The letter concerning electoral politics in last month’s issue is a welcome contribution to a perennial debate among the Irish revolutionary left. For our purposes, the debate is more concerned with what is the role of parliamentary struggles in the broader transformative struggles for socialism. I would say that it is more a case of how can elections as a tactic best be utilised rather than an all or nothing choice between pure electoralism or an abstentionist approach to elections, both of which are cul-de-sacs. The relationship of Connolly’s Irish Socialist Republican Party, formed in 1896, to elections is one with much educational value on this.
Elections have a role to play in revolutionary politics in terms of measuring support for revolutionary forces as well as being an opportunity to educate, agitate and organise in an environment of increased political awareness. The election of progressive voices to parliamentary benches can indeed be used to expose the powerful and undermine confidence in those institutions. Elections can also be used to highlight a certain issue, for example the ongoing campaign in Waterford for a cardiac care centre, which also further highlights the over-centralised nature of the political system in the 26 counties.
However, there are many glaring problems with elections, which we are unfortunately all too aware of. This became all too clear for activists involved in the water charges campaign as it went on. As elections came nearer, bitter fighting between the broad left and ridiculous short-term actions became more common as the more opportunist sought to protect and increase their electoral gains arising from the water struggle. Elections became seen as more than just the tactic or the means to an end, but the end itself. It echoed the basic definition of opportunism, in the famous words of Bernstein, that “the final goal, no matter what it is, is nothing; the movement is everything.”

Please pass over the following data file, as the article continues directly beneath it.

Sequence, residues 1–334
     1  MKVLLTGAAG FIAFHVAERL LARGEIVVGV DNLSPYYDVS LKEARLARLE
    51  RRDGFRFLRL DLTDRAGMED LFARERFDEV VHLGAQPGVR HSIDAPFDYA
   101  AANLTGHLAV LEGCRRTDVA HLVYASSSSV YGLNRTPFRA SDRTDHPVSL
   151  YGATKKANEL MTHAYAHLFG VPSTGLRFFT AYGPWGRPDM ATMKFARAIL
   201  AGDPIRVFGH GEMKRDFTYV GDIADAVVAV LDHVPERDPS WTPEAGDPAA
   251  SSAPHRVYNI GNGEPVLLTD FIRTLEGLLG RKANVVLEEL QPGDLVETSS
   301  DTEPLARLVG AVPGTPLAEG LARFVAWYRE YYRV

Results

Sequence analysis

It is necessary for Marxists to always “politicise” things, to put them in a concrete and scientific way. Elections can indeed be used for our purposes, but this also means to understand them as a means to an end and be strategic in our use of them.
We should also take note of the growing numbers of people who have lost trust in the political system. In the last General Election in the 26 counties, over 35 per cent of the electorate did not vote at all, while in the previous General Election this was at 30 per cent. The growing mistrust in the electoral system as a vehicle for change should also be exploited. This can be done by direct political action in local communities, which may or may not involve standing in elections at some level, as well as standing for election to positions within our trade councils, ICTU and Union Committees—where the organised members of our class are—for the same reasons, but in doing so we have to be careful not to put ourselves in a situation where we can’t see the wood for the trees.